The television screen flickered. Angry voices filled the room. The movie depicted an elderly woman standing behind a shop counter being held up, a gun at her temple. There was a second gun pointing at an old man on his knees. One of the assailants kicked him, the arm dropped, but the old man jerked up again trying to get a desperate glimpse at his wife. No matter how the old man will struggle, the viewer knows the outcome.
"You can't watch this, " I told my 13-year-old son. He howled. He had just biked all the way to the video store to get this movie, following an acrimonious argument with us over not being allowed to see something called "The Terminator." His dad had finally said, "We're not having cruelty and violence brought into our house. I don't care how many friends have the movie." Then he added, "You can get something more suitable. The video rental is still open, and buy yourself an ice cream cone, too."
Our son returned just after dark, his mouth sporting a mustache of jamoca almond fudge so that he looked like the adorable 3-year-old of a decade past.
"What did you get?" I asked from the living room.
"What?" I was incredulous. His dad frowned at me. "Ex-terminator, mom, it's a different film." His dad and I looked at each other. My husband returned to his yachting magazine to escape from further battle. He looked weary. I contemplated disappearing into some early oblivion upstairs to bed or to visit a friend nearby.
I couldn't ignore the mean sounds from the TV in the den, so I laid aside my book. I was hoping that "Exterminator" is pure science fiction and sufficiently removed from reality to make it bigger than life, distant and "psychically safe," maybe a comedy about termite control.
It wasn't. Watching the robbery scene, my throat tightened at the memory of a real event raised by the swiftness of that kicking foot on the screen. My neighbor's family had gathered in shock to mourn their relatives, an elderly couple who were shot to death in their small shoe store in Los Angeles in 1963. I remembered the dry sobs and the hunched figures--my neighbor, her brother, a teen-aged grandson looking confused in his new funeral attire.
"I'm sorry, this wasn't a good choice. I just can't let you see it." I didn't touch the TV knobs, but felt my body reach in that direction, tensed for the battle royal that would erupt.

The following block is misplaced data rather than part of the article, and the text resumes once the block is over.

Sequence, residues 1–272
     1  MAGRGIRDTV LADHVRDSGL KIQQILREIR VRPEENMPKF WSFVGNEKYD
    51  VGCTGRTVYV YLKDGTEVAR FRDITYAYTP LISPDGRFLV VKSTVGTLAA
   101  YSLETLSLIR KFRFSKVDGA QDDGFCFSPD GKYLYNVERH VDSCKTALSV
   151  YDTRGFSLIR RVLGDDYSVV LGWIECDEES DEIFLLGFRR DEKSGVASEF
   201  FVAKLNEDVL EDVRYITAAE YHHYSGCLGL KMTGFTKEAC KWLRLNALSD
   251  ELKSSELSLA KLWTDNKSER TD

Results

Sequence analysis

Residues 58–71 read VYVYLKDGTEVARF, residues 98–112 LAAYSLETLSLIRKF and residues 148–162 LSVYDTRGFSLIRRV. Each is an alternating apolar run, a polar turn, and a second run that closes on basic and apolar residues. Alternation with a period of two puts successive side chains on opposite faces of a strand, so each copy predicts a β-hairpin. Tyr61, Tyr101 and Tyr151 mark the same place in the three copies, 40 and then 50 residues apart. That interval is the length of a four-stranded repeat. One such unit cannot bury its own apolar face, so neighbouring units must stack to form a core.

"There's nothing wrong with it," he shouted. "It's only a little bit of violence at the start." He was full of facts about a film he hasn't seen. We were right back where we were an hour earlier, only this time he was more outraged for having ridden his bike all the way to the video store and back. His face was buried in the futon cushions. He punched the pillows.
"You're such a. . . ." He stopped himself barely. "You're such a wuzzy, a wimp. You're so afraid the violence will affect me negatively ."
"I know you aren't a violent person, but we don't need to fill up with these images. They're bad for anyone who watches them. They show the worst of human behavior."
My voice was very low, very calm. I have gotten good at staying cool during these all-out wars, but the price is paid in snipe attacks. Later, or the next day, I will snipe at the least little thing, like dirty hands or socks in a corner or a goofy belch at the dinner table, when my dismay will have turned to anger and the controls are off. I am not calm at all.
"It's only a movie, Mom! It's not real," he protested loudly.
"It is real. You don't have any idea how real." I told him what happened to my neighbor 20 years ago.
"Well, it's not real to me . . . and I'm gonna watch." His father entered the room.
"You're going to obey. The videotape goes back." Then as an offer of good will he adds, "Come on, I'll take you to the place to exchange it."
As I follow my husband from the room, he asks under his breath, "You couldn't stay out of the den?"
When the car pulled out of the driveway, I sat on the stairs knowing Walt Disney will not come to the rescue.